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Old 03-08-2013, 06:01 PM   #1
tackett
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Default Honey Habanero Cream Ale

Recipe Type: Extract
Yeast: Wlp080 cream ale yeast
Yeast Starter: No
Batch Size (Gallons): 5.5
Original Gravity: 1.047
Final Gravity: 1.010
IBU: 21.91
Boiling Time (Minutes): 60
Color: 5.63 SRM
Primary Fermentation (# of Days & Temp): 14 days at 65 D
Secondary Fermentation (# of Days & Temp): 10 days at 60 D
Tasting Notes: Sweet honey, bready, small vegetable flavor. Mild heat.

HOME BREW RECIPE:
Title: Honey Habanero cream ale

Brew Method: Extract
Style Name: Cream Ale
Boil Time: 60 min
Batch Size: 5.5 gallons (fermentor volume)
Boil Size: 4 gallons
Efficiency: 35% (steeping grains only)

STATS:
Original Gravity: 1.047
Final Gravity: 1.010
ABV (standard): 4.74%
IBU (tinseth): 21.91
SRM (morey): 5.63

FERMENTABLES:
3.3 lb - Liquid Malt Extract - Pilsen - (late addition) (45.2%)
2 lb - Dry Malt Extract - Extra Light - (late addition) (27.4%)
1 lb - Brown Rice Syrup - Gluten Free (13.7%)

STEEPING GRAINS:
0.25 lb - Belgian - Biscuit (3.4%)
0.75 lb - Canadian - Honey Malt (10.3%)

HOPS:
1 oz - Saaz for 2 min, Type: Pellet, Use: Aroma (AA 3.5, IBU: 1.35)
1 oz - Tettnanger for 60 min, Type: Pellet, Use: Boil (AA 4.5, IBU: 20.56)

OTHER INGREDIENTS:
0.25 oz - Irish moss, Time: 15 min, Type: Fining, Use: Boil
2 each - Habenaro peppers, Time: 30 min, Type: Spice, Use: Boil

YEAST:
White Labs - Cream Ale Yeast Blend WLP080
Starter: No
Form: Liquid
Attenuation (avg): 77.5%
Flocculation: Medium
Optimum Temp: 65 - 70 F
Fermentation Temp: 65 F
Pitch Rate: 0.35 (M cells / ml / deg P)

PRIMING:
Method: Corn sugar
Amount: 5oz




This is actually my first recepie and I must say I am very pleased with it.

I used honey malt to impart a certain sweetness, and biscuit malt to obtain a bread/wheat flavor.

The fermentables were chosen to hopefully allow the pepper flavor and flavor from the grains to come through. And it functioned perfectly.

The hops were also a great choice, the IBUs are a little high for the style, but I wanted a bit more bitterness than a standard cream ale to help offset, what I assumed would be a pretty sweet brew.

I chopped and roasted the habaneros for 30 min at 350D. Then I put them in vodka for 48 hours before starting on the recepie.

I preboiled 2 gallons of water (since my pot is only 5 gallons.) and set it aside covered.

Then brought 4 gallons to 160 and steeped the grains for 30min. Then removed.

Brought water to a boil, added Tettnanger.
Picked out the habanero pepper flesh and threw them in at 30min
Added whirfloc tablet at 10 min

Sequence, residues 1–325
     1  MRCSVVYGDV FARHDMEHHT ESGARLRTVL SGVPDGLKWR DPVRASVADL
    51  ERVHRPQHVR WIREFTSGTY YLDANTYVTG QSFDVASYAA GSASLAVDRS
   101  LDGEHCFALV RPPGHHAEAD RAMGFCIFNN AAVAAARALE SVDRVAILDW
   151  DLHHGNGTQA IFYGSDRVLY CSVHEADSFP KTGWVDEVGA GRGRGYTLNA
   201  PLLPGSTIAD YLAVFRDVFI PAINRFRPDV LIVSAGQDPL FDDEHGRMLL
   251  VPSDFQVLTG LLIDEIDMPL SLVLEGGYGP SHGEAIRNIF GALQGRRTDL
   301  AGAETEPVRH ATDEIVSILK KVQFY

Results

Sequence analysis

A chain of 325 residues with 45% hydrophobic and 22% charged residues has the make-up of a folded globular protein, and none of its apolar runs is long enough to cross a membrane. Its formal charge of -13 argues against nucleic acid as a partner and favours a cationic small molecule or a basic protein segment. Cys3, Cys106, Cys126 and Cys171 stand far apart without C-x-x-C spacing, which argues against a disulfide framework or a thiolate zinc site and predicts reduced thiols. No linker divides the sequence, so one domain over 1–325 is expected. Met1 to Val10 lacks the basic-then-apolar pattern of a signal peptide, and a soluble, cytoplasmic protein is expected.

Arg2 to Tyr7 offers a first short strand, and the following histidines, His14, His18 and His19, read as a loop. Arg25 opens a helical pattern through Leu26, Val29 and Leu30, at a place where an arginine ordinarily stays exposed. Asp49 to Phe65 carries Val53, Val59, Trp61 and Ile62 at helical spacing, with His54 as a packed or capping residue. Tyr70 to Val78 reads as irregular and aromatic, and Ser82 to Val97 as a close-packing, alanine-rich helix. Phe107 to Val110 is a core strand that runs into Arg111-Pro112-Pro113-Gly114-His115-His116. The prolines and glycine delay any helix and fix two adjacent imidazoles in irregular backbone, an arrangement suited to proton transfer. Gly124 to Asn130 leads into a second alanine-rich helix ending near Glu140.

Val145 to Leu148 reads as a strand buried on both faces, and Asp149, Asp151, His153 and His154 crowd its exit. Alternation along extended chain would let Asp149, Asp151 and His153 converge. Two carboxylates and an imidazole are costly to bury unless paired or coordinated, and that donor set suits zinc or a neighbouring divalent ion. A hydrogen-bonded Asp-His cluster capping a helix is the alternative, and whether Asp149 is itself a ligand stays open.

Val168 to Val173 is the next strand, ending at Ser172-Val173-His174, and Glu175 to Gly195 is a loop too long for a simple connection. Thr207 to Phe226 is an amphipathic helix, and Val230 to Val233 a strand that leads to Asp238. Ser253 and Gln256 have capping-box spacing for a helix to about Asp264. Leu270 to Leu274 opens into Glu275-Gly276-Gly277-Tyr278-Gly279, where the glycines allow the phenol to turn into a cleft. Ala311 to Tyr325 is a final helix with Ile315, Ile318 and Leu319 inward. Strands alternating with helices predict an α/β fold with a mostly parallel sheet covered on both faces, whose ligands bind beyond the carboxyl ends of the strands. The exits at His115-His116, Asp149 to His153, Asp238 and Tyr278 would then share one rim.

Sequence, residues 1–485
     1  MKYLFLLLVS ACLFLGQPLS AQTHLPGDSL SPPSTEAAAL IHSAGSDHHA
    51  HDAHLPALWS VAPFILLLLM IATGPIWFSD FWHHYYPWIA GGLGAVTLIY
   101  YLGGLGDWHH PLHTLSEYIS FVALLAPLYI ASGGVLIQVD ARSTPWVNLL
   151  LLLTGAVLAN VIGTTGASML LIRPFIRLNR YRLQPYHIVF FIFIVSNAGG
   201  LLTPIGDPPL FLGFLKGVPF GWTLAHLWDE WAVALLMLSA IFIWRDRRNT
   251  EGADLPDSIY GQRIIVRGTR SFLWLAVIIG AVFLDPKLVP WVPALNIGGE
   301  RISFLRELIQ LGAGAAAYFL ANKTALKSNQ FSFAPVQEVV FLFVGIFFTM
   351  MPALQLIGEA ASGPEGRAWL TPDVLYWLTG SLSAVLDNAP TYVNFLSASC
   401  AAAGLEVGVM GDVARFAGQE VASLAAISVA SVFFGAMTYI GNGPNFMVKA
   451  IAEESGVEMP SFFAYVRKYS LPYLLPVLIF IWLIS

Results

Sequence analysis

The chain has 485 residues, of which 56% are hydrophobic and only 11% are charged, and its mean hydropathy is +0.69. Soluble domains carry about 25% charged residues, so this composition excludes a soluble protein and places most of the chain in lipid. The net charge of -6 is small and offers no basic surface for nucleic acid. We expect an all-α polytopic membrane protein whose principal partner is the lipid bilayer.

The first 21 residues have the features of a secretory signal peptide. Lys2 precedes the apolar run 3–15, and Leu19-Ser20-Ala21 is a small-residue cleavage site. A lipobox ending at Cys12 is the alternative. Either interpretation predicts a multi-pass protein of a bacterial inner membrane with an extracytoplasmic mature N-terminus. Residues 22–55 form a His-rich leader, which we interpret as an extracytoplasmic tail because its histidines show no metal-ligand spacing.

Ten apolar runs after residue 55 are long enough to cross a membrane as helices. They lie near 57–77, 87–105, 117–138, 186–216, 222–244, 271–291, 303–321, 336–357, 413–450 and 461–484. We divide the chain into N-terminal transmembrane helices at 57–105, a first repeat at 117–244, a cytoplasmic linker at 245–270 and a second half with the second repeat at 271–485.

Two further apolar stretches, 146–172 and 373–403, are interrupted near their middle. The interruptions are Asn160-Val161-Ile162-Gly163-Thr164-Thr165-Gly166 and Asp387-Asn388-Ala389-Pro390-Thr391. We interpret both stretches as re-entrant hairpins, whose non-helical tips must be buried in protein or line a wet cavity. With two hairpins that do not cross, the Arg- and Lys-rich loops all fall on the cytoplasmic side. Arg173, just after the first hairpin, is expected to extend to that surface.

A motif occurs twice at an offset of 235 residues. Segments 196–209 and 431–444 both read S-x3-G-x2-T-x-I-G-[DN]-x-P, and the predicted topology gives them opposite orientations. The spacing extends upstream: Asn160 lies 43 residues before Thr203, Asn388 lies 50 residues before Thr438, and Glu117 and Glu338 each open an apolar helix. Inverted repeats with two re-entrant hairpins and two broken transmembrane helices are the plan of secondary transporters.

Added saaz at 2 min.
Added rice syrup and LME at 1 min

Flameout

Then added all the DME.

Cooled wort to 70D
Poured into fermenter and aereated.
Pitched yeast

Primary fermented for 14 days.
Racked to secondary for clarity purposes for 10 days.
Cold crashed for 2 days.
Bottled.




Let me tell you something. This is damn good stuff. The honey malt comes through wonderfully with just the right amount of bready after taste. The fermentables are in the background where they should be. The aftertaste dries out and the heat flares up like a locomotive. POW! After the heat dies down, and it dies fast, you are left with a fresh cut vegetable taste. Almost like a green pepper.


I'm pretty excited how this turned out. Hopefully someone else brews this and gives me some advice.

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White Horse Belgian White
Honey habanero cream ale
Cream Stout

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Old 03-10-2013, 10:04 PM   #2
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I like the sound of this! I was wondering what the soaking in vodka did for the peppers/beer? Since the peppers were in the boil for 30 minutes the alcohol imparted to them evaporated, so was it for flavor? Does the vodka bring out more heat from the habs?

I am brewing a pale ale tonight and will put peppers in the bottle (maybe in the secondary) as a first attempt. Want to use habenero or serrano, maybe a tabasco pepper. Not sure.

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Old 03-10-2013, 11:32 PM   #3
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Well I was hoping that the vodka would take some of the heat out of the peppers and impart more pepper flavor without making it flaming hot.

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Gone - accidental Belgian IPA
Hanks Hefeweissen
White Horse Belgian White
Honey habanero cream ale
Cream Stout

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Old 05-02-2013, 04:55 AM   #4
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Default wow


I varied a bit...
Used 4 jalapenos and 4 serranos (no habaneros available at the time)
Used extra light malt extract (no pilsner at my local shop)
No vodka on peppers

Gotta say... WOW! One of the best beers i have ever had! Proud of myself and proud of tackett! EXCELLENT.

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Old 05-20-2013, 01:55 AM   #5
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Quote:
Originally Posted by tackett
Hopefully someone else brews this and gives me some advice.